Last summer our cocktails were dank in honor of the incredibly rainy summer we had here in the South (which subsequently led to a record cold winter). This summer, we’re trying a new theme in the Gourmand household – bocktails! We’re jumping on the craft beer cocktail bandwagon to see what we can mix up to enjoy poolside or on a relaxing balcony evening at home. We have several bocktails lined up for you to try this summer. Some are traditional recipes we have altered to the craft beer lover palette. Others are of our own invention. Whichever it is, we hope you join us in raising a glass (or mug) this summer.
I love reading the history behind storied cocktails like the Pina Colada or Moscow Mule. There’s no shortage of myths about who first invented the concoction and why. With a Shandy / Radler, the debate wages even greater. Not only can connoisseurs not decide on the history, they can’t even decide on a name or country of origin. The drink, consisting of beer and lemon soda or lemonade, is referred to as Radler in Germany and Austria (where some argue it was invented) and Shandy in England (where others argue it was invented) and pretty much the rest of the world.
No matter which country the bocktail is from, the legends of invention are pretty much the same – a bar keep, or brewery, was trying to cover the taste of bad beer with the sweet citrusy summer goodness of lemonade (which explains why Leinenkugel now offers a version…). The most convincing story, however, hails from a watering hole located 14 miles outside of Munich in 1922. The barkeeper experienced an unexpected rush of patrons as a bicycle rally came through town. Legend holds that 13,000 cyclists descended upon the Kugleralm. As the barkeeper ran low on the sudsy goodness of beer, he mixed what was left of his dwindling beer supply with lemonade as a refreshing alternative. He even named it Radler which translates cyclist.
Whatever the name, Radler or Shandy, I’m not a fan. I can’t understand why anyone would want to cover up the flavor of a quality brew with the sweetness and sour of lemonade, or why anyone would drink a beer that tastes so bad it needs covered up. I do, however, understand the present day theory behind drinking a Shandy. Sometimes, while poolside, a knock your swim trunks off high ABV IPA that all the breweries seem to be pumping out just won’t do. I prefer not to end up belly-up like a beached whale on a lounge chair with weiner written on my belly in sunscreen.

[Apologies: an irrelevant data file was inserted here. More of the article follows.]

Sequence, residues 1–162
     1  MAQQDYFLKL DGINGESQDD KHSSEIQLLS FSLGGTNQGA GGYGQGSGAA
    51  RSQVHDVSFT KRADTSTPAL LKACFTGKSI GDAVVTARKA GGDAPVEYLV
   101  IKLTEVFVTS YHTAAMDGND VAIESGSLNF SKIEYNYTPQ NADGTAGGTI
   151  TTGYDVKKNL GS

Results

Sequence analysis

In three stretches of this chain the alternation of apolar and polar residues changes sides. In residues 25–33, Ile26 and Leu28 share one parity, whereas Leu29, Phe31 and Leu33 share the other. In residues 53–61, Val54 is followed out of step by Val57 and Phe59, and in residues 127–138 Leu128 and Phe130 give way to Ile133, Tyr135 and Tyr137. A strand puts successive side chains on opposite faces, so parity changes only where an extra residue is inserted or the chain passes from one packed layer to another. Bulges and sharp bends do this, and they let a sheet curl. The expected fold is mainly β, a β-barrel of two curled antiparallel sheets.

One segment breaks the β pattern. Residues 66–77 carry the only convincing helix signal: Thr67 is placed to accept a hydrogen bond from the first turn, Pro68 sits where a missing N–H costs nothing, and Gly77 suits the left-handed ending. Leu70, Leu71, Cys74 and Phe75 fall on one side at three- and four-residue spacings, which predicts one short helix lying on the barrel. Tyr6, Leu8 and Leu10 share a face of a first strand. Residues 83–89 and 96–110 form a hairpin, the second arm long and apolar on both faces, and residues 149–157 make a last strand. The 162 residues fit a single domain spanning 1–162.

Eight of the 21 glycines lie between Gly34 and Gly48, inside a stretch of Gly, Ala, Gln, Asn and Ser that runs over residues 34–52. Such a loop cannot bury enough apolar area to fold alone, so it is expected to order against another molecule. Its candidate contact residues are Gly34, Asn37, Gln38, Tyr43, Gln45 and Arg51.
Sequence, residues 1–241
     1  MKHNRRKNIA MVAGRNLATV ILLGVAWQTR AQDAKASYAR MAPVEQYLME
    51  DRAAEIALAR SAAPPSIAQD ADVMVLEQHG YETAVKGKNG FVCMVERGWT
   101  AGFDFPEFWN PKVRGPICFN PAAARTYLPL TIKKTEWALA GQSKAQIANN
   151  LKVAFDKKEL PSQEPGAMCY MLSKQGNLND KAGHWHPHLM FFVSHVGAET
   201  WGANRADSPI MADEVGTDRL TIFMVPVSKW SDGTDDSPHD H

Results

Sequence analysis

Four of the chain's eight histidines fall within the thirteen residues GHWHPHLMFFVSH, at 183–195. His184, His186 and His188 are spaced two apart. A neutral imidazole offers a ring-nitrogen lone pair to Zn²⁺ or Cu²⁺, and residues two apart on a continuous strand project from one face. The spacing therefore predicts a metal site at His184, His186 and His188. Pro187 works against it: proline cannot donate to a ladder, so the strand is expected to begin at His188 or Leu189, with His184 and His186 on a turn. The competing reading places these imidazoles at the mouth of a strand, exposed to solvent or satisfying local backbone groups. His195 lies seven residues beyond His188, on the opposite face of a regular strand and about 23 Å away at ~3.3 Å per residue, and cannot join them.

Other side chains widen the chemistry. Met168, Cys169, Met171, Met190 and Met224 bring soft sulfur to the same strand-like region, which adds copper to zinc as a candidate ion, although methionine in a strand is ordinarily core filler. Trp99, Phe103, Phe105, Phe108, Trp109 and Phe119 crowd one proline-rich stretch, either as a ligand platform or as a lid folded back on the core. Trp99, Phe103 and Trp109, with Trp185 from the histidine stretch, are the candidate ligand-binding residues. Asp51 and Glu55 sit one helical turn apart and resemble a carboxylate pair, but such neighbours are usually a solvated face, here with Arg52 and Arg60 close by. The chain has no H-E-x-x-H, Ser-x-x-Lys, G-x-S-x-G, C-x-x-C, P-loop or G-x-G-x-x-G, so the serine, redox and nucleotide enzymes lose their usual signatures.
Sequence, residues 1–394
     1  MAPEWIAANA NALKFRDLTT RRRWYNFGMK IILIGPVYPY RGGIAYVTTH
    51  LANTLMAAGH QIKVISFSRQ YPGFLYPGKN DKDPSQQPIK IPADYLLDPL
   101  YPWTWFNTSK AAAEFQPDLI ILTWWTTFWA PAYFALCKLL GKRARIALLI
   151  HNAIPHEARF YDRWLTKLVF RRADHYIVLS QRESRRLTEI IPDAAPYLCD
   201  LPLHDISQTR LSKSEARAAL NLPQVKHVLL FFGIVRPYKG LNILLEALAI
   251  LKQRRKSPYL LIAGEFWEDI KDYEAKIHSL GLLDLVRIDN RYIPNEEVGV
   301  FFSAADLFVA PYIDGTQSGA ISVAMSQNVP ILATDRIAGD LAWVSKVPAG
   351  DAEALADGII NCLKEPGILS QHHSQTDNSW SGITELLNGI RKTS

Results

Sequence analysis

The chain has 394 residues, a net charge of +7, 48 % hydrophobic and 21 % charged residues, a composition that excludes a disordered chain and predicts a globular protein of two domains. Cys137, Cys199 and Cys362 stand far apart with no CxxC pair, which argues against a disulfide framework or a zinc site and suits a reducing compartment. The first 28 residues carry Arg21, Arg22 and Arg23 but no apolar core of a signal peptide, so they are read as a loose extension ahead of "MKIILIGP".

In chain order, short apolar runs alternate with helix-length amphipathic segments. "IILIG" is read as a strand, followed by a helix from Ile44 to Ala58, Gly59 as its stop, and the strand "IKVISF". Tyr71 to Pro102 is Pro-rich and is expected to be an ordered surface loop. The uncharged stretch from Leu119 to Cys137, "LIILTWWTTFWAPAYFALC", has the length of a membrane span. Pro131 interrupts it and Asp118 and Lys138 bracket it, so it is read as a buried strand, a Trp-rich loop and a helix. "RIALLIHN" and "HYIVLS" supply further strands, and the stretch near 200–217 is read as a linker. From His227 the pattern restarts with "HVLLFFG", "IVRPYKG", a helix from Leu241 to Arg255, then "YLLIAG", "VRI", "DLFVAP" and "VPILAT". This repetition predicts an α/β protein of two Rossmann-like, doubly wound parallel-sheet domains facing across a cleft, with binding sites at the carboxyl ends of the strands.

I crave something refreshing and light in alcohol content. In theory, a Shandy should work. But the typical Shandy is way too sweet for me. Even, the Radlers I sampled in Germany made me want to scream “Dammit Aunt Alice!” Thus I created a recipe that I think will resonate with any craft beer fan as it doesn’t overpower the beer but enhances it. For starters, I use an IPA instead of the traditional helles or wheat beer that just gets drowned out by the citrus. Find a citrusy IPA that is low on malt level as you are just looking for the hops bite (I used Hoppium by Foothills). I also swapped out the harsh lemons with softer grapefruit and added basil to the simple syrup for an extra level of complexity. The result is a Shandy that starts with the sweet grapefruit-ade, followed by the earthy basil, and finished with a clean hop bite.
Ingredients (Makes 4 servings)
- Sugar (we substitute Splenda) – 2 cups
- Water – 1 cup
- A few springs of fresh basil
- Club soda
- Grapefruits – 2
- IPA – 2 bottles
- Mix the water, sugar, and basil of in a small pan. Bring to a boil for five minutes.
- Remove the sauce pan from the stovetop and refrigerate until chilled and ready to serve.
- Mix your grapefruit-ade by combining equal parts club soda and grapefruit. I large grapefruit yields about a half cup of juice. Add 4 tbsp of syrup.
- Combine the beer and grapefruit-ade at a 50 / 50 mix
- Find a swimming pool, balcony or golf course and enjoy!